Pain in the shoulder may suggest an injury. The injuries are caused due to the overuse or repetitive motion of the arms. In addition to pain, shoulder injuries also cause stiffness, restricted movements, difficulty in performing routine activities, and popping sensation. Learn more about the various conditions affecting your shoulder.
Shoulder replacement is a surgical procedure where the damaged parts of your shoulder are removed and replaced with artificial parts known as prostheses. The shoulder is a ball-and-socket joint made up of three bones; the humerus (upper arm bone), scapula (shoulder blade), and clavicle (collarbone). The ball at the top of the upper arm bone fits neatly into a socket, called the glenoid, which is part of the shoulder blade.
The rotator cuff is a group of 4 muscles in the shoulder joint including the supraspinatus, infraspinatus, teres minor, and subscapularis. These muscles originate in the scapula and attach to the head of the humerus through tendons. The rotator cuff forms a sleeve around the humeral head and glenoid cavity, providing stability to the shoulder joint while enabling a wide range of movements.
Shoulder instability is a chronic condition that causes frequent dislocation of the shoulder joint. A dislocation occurs when the end of the humerus (ball portion) partially or completely dislocates from the glenoid (socket portion) of the shoulder. A partial dislocation is referred to as a subluxation whereas a complete separation is referred to as a dislocation.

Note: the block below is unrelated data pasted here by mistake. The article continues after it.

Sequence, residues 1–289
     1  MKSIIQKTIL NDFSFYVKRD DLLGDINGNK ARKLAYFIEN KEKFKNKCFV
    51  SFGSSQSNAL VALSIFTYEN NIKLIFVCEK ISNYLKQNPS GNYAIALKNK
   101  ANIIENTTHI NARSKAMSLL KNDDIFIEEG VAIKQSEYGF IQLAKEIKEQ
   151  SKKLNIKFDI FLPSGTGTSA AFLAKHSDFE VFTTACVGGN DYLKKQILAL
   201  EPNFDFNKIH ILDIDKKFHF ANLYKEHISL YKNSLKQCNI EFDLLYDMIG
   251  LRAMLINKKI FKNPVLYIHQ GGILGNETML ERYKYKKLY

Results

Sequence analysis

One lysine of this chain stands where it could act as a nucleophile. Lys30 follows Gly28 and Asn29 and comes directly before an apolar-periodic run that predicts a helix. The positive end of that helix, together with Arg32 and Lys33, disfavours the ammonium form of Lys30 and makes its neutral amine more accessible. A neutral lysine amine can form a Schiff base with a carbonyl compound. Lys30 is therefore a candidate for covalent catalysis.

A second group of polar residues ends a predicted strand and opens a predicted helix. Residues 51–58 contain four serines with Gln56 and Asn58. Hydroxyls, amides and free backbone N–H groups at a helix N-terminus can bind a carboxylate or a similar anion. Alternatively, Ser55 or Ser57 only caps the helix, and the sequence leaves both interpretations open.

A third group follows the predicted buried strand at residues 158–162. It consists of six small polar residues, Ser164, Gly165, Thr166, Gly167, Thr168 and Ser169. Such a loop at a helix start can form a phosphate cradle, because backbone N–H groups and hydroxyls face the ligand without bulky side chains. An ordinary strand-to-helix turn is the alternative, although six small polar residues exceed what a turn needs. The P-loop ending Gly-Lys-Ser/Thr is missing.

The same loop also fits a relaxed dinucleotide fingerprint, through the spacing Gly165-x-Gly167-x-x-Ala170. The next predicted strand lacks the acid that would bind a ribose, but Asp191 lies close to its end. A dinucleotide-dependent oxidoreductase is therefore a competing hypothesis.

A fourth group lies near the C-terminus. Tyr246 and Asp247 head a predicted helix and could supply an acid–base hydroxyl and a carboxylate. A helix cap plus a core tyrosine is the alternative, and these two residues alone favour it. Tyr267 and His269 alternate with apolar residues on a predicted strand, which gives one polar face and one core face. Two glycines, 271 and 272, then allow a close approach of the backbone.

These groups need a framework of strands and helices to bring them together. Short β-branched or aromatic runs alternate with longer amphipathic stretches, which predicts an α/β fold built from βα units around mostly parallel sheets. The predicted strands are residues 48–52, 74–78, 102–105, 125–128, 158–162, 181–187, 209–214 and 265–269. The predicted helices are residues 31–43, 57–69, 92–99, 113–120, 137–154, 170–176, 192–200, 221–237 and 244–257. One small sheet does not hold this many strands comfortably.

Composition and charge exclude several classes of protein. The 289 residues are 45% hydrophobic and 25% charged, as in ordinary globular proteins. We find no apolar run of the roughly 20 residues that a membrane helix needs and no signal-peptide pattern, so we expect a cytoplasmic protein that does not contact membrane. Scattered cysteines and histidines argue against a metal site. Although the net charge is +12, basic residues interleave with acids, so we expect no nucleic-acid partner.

The shoulder is the most flexible joint in the body, enabling a wide range of movements. It is a ball-and-socket joint made up of three bones, namely the humerus (upper arm bone), scapula (shoulder blade) and clavicle. The head of the humerus articulates with the socket of the scapula called the glenoid cavity. The clavicle bone or collarbone is an S-shaped bone that connects the scapula to the sternum or breastbone.
AC joint separation, also known as shoulder separation, is a condition characterized by damage to the ligaments that connect the acromion to the collar bone. As a result, the bones do not line up properly, causing joint pain and instability. Diagnosis can be made based on discussion of your symptoms and a physical examination of the shoulder. A shoulder X-ray may be ordered to confirm the diagnosis of AC joint separation.
Dr. Jacob Kirsch is a shoulder and elbow surgeon, specializing in minimally invasive (arthroscopic) and open treatment of shoulder and elbow conditions, including shoulder arthritis, rotator cuff tears, fractures, and instability. He has advanced training in shoulder replacement surgery, which he performs at the nationally recognized New England Baptist Hospital. He is particularly interested in complex problems of the shoulder requiring shoulder replacement, sports-related injuries, shoulder instability with bone loss, irreparable tendon tears, and failed previous surgery.